IT spending in the UK’s Public Sector
My frolleague Richard Voaden sent this article my way this afternoon... Ian Watmore - who…
Great, just what the world needs, another free browser. That was my first thought. I have Firefox and love it (along with a few essential extensions). I have Internet Explorer, mostly because it’s installed with Windows but also because occasionally I encounter sites that have been developed explicitly for Internet Explorer. I have Safari, only because I installed it to have a look and then didn’t de-install it. I had Flock for about ten minutes (that was all that was required for me to decide I didn’t need it).
Why would I want yet another browser?
And yet, there was absolutely no way that I wasn’t going to install Chrome and give it a whirl. I’m actually writing this blog post using Chrome right now. It has some great things, it has some major deficiencies (for example, it’s not spell-checkking this as I type). Some of the important things are under the hood – the separate threading which will stop one rogue page killing all of your browser session (nice). And the strengthened sandbox approach to ensuring your personal data isn’t captured.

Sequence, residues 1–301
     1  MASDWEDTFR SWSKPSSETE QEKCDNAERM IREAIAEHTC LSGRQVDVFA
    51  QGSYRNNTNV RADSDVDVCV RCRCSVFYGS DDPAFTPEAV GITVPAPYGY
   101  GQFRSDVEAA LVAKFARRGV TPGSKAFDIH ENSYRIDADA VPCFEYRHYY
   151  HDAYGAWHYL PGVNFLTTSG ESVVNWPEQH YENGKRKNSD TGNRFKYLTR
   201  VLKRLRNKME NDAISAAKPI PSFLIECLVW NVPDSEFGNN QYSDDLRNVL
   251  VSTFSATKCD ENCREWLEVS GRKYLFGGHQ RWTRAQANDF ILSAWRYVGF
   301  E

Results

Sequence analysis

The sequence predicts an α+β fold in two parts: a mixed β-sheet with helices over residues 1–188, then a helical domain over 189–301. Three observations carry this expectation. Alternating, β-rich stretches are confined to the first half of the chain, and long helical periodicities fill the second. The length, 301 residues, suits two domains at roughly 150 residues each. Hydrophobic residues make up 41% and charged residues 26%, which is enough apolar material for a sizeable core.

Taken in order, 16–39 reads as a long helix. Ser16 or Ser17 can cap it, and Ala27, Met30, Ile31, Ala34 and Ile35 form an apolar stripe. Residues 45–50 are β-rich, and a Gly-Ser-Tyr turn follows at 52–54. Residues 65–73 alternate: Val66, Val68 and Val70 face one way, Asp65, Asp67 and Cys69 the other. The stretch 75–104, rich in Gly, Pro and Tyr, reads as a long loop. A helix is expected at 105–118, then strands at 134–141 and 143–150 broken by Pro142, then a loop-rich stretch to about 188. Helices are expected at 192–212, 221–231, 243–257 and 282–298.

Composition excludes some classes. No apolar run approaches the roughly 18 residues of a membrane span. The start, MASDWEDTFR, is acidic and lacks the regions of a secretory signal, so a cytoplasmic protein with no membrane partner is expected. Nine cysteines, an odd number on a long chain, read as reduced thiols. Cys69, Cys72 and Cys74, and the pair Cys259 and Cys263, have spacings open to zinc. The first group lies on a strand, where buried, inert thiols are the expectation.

I guess the important thing is that Google have recognised that browsers, despite having more and more features stuffed into them, haven’t really changed much in ten years – but the Interweb is a very different place. Chrome, if you believe the blurb, sets out to address the changes in the way we work. I think I’d have to give it a more thorough test drive, and I aim to do that for a week or so, to see whether their claim holds up. In the meantime, what’s good about Chrome…?
But there is some bad news…
In summary, there’s nothing here to make me switch from Firefox but I do find myself liking Chrome. A bit of competition in the browser market (I say market, who ever paid for a browser?) is no bad thing and can only foster further innovation. Time will tell if Chrome addresses the missing features in later betas and the finished first version.